October 25, 2017 — In a potential major breakthrough in breast cancer research, scientists at the Center for Translational Cancer Research (CTCR) at the Helen F. Graham Cancer Center & Research Institute of Christiana Care Health System have developed a new blood test to diagnose breast cancer.
Senior scientist Jennifer Sims-Mourtada, Ph.D., director of translational breast cancer research at the CTCR located in Newark, Del, developed the test at the CTCR with scientists from Genome Profiling LLC (GenPro).
“This simple blood test, used in combination with mammography, can be a transformative tool in the fight against breast cancer by determining whether cancer is present in the breast and whether the cancer is likely to spread,” Sims-Mourtada said. “Using this test could minimize over-diagnosis and treatment while potentially providing significant savings in healthcare-related costs. Studies have shown that mammograms alone are not optimal for diagnosing all types of breast cancer.”
The test focuses on identifying an epigenetic biomarker within circulating blood cells’ DNA that are part of the body’s immune system and is different from other diagnostic tests that target cancer tumors.
“This test is designed to monitor epigenetic DNA changes in the blood cells that could signal an early stage aggressive tumor,” Sims-Mourtada said. “We know that immune cells in the blood react differently if they are responding to an infection versus a cancer, an invasive tumor or when there is no cancer present at all.”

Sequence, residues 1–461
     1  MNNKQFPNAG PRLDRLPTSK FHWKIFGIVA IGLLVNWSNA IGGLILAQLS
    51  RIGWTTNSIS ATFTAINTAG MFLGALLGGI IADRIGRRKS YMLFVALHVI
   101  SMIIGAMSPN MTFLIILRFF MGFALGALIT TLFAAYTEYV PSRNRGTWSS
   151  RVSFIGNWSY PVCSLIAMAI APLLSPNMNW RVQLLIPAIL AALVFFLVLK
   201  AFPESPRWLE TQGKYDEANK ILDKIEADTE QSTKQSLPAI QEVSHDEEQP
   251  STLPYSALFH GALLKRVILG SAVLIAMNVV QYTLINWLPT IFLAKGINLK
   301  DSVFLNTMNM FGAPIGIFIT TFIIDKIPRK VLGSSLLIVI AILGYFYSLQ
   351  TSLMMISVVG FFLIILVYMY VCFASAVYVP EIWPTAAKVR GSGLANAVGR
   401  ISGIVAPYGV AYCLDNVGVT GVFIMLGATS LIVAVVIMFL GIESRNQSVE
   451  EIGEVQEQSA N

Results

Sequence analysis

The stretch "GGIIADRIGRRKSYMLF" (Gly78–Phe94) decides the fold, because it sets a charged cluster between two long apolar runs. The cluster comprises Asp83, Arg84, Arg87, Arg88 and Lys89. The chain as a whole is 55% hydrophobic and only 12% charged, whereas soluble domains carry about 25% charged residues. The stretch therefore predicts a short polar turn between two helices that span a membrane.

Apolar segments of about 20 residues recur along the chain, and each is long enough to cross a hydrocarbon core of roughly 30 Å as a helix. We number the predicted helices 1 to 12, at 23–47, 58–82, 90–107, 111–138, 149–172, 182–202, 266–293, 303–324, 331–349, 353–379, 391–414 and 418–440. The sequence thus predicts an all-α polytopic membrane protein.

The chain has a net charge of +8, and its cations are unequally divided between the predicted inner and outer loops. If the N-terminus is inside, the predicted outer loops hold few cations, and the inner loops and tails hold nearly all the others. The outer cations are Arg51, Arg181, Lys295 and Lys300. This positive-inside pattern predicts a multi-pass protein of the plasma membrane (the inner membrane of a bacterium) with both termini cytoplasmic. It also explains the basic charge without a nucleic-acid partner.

“Commercializing an epigenetic-based diagnostic test into a simple and cost-effective blood screening test can have huge implications for early intervention strategies in breast cancer,” said GenPro co-founder Adam Marsh, Ph.D. GenPro is a molecular information company specializing in the discovery of novel epigenetic biomarkers using its genome-wide profiling platform.
“Right now there is no truly effective method for routine monitoring of patients to follow in response to treatment for breast cancer and for possible recurrence of cancer,” Sims-Mourtada said. “Using the assay we have developed, in conjunction with routine monitoring, enables us to follow changes in the immune response to detect an increase in tumor cells over time. This test can allow for much earlier detection of recurrence or metastatic disease before it is visible with standard imaging and enable much earlier treatment.”
Christiana Care and GenPro have filed a provisional patent application with the U.S. Patent and Trademark Office as the first step in the process toward clinical trials and U.S. Food and Drug Administration (FDA) approval for this new blood screening test.
For more information: www.christianacare.org